But the rider that has really pushed his case in the past 12 months for an IJC call-up is Kimura. The Japanese rider dropped out of the JRA riding school despite being that intake’s standout in terms of raw ability, but he has since made his mark in North America, riding out of Woodbine, Canada since 2018 when he began his apprenticeship at age 18.

Mandarin Hero and Kazushi Kimura approach the Kentucky Derby starting gates. (Photo by Rob Carr/Getty Images)

Kimura won two Sovereign Awards as Canada’s leading apprentice and an Eclipse Award as North America’s top apprentice; he has ridden more than 100 winners a year in all bar one of his six seasons so far, and is now the dominant force at Woodbine, heading for his third consecutive riding title there with 128 wins on the board.

He spent last winter riding at Santa Anita, alongside superstars Frankie Dettori, Mike Smith and Johnny Velazquez. He got to within a nostril of winning the G1 Santa Anita Derby on the Japanese NAR galloper Mandarin Hero and gained Kentucky Derby experience on the same horse in May.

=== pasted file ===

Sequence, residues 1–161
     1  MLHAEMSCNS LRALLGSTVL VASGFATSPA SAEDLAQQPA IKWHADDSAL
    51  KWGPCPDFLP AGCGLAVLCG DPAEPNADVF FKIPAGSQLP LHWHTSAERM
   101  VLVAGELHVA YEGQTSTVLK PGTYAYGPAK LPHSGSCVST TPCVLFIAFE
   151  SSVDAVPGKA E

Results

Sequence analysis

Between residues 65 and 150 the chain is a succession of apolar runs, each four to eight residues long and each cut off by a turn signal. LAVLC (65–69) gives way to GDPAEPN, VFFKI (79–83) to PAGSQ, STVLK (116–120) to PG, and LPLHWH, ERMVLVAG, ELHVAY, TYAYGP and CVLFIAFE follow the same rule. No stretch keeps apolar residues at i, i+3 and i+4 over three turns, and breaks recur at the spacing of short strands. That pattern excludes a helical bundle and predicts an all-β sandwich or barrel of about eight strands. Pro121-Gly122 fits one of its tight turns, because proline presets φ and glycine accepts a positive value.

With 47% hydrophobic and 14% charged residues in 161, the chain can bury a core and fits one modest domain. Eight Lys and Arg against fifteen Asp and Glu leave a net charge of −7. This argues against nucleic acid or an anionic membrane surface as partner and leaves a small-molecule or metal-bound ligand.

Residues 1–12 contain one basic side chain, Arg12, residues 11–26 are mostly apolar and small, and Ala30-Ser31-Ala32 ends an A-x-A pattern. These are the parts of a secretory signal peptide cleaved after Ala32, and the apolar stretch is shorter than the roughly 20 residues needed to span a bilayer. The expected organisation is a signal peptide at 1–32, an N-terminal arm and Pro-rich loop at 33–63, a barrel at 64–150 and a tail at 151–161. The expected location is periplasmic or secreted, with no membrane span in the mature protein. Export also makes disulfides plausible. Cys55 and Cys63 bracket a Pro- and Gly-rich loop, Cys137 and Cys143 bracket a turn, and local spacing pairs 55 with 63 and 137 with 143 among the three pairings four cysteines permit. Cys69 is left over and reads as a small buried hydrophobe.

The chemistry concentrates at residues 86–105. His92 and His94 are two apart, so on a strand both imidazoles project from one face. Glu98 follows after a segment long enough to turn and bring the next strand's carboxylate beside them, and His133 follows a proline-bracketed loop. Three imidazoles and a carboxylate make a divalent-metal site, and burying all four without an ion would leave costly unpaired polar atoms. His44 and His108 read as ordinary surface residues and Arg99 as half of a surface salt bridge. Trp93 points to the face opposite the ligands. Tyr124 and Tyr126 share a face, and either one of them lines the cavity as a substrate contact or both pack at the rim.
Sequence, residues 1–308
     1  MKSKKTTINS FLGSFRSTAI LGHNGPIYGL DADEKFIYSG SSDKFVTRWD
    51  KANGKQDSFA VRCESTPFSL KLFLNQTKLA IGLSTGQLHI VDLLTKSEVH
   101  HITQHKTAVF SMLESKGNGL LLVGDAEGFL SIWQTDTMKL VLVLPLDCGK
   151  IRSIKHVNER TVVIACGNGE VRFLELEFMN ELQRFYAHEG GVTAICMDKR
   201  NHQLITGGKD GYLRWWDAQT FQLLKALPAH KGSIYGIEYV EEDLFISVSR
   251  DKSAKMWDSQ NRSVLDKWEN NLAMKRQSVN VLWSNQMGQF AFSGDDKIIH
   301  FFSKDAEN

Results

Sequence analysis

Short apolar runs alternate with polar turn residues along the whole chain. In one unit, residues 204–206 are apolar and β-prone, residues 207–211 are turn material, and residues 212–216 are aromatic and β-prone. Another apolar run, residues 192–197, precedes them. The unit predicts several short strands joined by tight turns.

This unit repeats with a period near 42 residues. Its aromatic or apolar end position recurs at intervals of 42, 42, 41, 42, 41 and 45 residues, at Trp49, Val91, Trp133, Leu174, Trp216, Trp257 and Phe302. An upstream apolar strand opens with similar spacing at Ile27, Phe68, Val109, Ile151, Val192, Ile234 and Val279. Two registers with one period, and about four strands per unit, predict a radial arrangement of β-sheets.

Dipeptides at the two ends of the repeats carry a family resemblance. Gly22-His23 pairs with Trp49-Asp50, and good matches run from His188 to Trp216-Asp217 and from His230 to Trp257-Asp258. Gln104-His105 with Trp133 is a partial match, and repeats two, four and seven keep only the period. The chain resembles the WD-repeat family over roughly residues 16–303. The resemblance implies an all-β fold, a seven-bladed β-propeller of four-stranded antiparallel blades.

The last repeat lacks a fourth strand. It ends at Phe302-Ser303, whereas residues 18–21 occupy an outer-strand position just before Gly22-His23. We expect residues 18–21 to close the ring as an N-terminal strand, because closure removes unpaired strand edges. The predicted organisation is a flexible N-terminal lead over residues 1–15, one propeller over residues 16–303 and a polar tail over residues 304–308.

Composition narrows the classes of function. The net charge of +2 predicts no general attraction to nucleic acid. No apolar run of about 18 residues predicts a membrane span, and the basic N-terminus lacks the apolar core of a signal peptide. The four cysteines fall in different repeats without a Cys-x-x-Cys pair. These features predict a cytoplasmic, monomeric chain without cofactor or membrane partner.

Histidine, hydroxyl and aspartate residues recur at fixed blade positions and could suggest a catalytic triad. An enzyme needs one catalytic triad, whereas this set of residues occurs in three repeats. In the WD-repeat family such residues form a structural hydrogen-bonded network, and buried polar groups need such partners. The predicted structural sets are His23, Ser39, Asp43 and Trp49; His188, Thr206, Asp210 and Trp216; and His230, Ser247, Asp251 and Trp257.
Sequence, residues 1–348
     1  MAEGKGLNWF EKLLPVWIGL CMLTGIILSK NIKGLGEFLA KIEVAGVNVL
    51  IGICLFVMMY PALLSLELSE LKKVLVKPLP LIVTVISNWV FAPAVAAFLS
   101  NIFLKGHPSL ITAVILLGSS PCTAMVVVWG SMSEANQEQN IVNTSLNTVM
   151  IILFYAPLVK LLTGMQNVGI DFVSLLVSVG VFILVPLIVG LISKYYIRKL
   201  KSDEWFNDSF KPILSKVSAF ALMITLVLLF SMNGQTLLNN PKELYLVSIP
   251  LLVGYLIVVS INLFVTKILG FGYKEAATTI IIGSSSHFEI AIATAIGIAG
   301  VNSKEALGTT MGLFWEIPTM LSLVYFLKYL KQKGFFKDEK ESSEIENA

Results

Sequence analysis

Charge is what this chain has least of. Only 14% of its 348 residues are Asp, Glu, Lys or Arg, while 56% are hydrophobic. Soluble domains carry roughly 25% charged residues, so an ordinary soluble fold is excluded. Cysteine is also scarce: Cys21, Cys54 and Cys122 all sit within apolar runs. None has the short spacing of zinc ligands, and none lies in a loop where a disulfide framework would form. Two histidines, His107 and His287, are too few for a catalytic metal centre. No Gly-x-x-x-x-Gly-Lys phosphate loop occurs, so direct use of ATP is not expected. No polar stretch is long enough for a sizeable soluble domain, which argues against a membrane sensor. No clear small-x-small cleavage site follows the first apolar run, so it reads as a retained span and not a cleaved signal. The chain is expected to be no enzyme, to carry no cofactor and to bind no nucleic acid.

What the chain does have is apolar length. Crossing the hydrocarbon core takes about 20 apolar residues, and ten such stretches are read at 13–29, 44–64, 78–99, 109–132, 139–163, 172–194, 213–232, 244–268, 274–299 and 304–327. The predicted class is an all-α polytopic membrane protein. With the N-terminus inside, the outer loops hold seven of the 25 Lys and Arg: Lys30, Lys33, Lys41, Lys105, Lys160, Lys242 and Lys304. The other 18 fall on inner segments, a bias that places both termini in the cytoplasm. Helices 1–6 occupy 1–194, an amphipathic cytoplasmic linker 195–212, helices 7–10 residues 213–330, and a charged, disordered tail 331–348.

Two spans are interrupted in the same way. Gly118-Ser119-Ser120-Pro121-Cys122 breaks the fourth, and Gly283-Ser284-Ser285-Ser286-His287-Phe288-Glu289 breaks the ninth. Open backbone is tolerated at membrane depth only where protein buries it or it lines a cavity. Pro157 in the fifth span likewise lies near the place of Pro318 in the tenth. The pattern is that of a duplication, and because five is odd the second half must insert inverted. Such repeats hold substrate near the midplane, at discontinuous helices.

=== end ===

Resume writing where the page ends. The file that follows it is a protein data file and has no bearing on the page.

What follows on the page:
The Hokkaido native is clearly a high-level talent. Still in his early twenties, he has a trio of G1 wins on the board, including the Frank E. Kilroe Mile at Santa Anita in March; last month he won his fourth Ontario Derby in a row; and two weekends ago he rode a Saturday five-timer sandwiched between a Friday double and a Sunday treble.

Kimura would be an ideal fit for the IJC and a return to Asia for the big night in December seems an obvious selection for the HKJC licensing committee to make.

But ahead of the anticipated IJC line-up announcement, the Bentley case could yet prove to be another stark reminder that behind the big money and the glitz are readily-at-hand pitfalls that can ensnare or entice Hong Kong’s jockeys, whether foolishly, unwittingly, or intentionally: just ask De Sousa, Borges, Nash Rawiller, Howard Cheng, or Chris Munce among others. 




    Subscribe now & get exclusive weekly content from Asian Racing Report direct to your inbox

      Expert ratings, tips & analysis for Hong Kong racing